Grill, Baby, Grill: L.A. BBQ Makes a Comeback


Last summer Adam Perry Lang—a Long Islander who’s famous for urban meateries like Daisy May’s BBQ USA in New York and Barbecoa in London—rolled into the Hollywood back lot of Jimmy Kimmel Live! The frequent guest and Kimmel pal was driving a flatbed trailer with a two-ton customized smoker and a pit in which he burned down hunks of wood (preferably pecan) to make his own charcoal. “I went a little bit crazy,” says Lang, who hopes the crowds that shelled out around $23 apiece for his brontosaurus-size beef ribs will return when he opens his barbecue restaurant in L.A. later this year.

He’ll be joining ranks with a number of local pitmasters who are tackling what could be the most distinctly American cuisine. In the absence of our own strong regional focus (unless you count Korean barbecue), L.A.’s latest influx of meat smokers doesn’t adhere to any specific style—say, Kansas City or Memphis. Instead they mix and match flavors and techniques. Roadhouse LA, Hollywood’s new “modernist global barbecue” restaurant that’s co-owned by Umami Burger’s Adam Fleischman, tops pulled pork with mole. Downtown newcomer Horse Thief BBQ and Smoke City Market in Sherman Oaks serve loose interpretations of heavily rubbed Texas-style ribs and brisket.

“Barbecue is going through a renaissance,” says Neil Strawder of Bigmista’s Barbecue. “I’ve created my own rubs and sauces. It’s an amalgamation of all the things I’ve learned.” For the past six years Strawder has been selling (and selling out of) brisket, pork shoulder, and the spicy-sweet bacon known as “pig candy” at local farmers’ markets. The operation has gained so many fans that he and his wife, Phyllis, are preparing to open a restaurant in downtown’s Historic Core this summer.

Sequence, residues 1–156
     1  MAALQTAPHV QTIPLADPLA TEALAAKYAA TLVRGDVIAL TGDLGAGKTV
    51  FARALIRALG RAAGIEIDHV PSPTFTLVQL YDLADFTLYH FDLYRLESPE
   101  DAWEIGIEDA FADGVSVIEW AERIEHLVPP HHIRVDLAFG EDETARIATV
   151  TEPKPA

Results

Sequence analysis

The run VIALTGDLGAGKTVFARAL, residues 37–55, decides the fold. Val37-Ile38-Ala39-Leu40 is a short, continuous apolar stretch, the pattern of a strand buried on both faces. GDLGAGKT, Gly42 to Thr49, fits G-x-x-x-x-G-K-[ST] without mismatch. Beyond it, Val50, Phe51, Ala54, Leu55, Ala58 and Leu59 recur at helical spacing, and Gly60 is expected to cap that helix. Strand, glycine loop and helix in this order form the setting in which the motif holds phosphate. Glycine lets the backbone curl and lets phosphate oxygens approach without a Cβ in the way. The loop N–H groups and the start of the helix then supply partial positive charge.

Adam Perry Lang cooking in Jimmy Kimmel’s studio back lot last summer. Photograph by Kevin Reyes

“Back in the ’70s, there were a lot more barbecue places in L.A., especially in South-Central,” says Kevin Bludso of Bludso’s BBQ, the six-year-old Compton take-out counter. A short history might include Woody’s, Tasty Q, Jay Bee’s, and Mr. Jim’s (slogan: “You need no teeth to eat Mr. Jim’s beef”), most of which are gone. Last year Bludso brought his Texas-tinged barbecue to a flashy spot on La Brea Avenue, which offers a few things the original doesn’t: cocktails, TVs, chairs.      

Our lust for ’cue lies at the intersection of such American dining obsessions as nose-to-tail eating, slow cooking, and comfort food. There’s also the artisanal appeal, the nuances a pitmaster can infuse into a cut of meat by choosing one kind of wood over another or by varying smoking time and temperature: the basics fans of barbecue spend hours debating. “The essence of barbecue is developing a relationship with this unruly thing you’re cooking,” says Lang, “and I’m really drawn to fire.”  

Open Wide: Where to Get It  Bigmista’s Barbecue, Farmers’ markets citywide  Bludso’s Bar-&-Que, 609 N. La Brea Ave., Mid City  Horse Thief BBQ, 324 S. Hill St., downtown  Roadhouse LA, 8162 Melrose Ave., Hollywood  Smoke City Market, 5242 Van Nuys Blvd. Sherman Oaks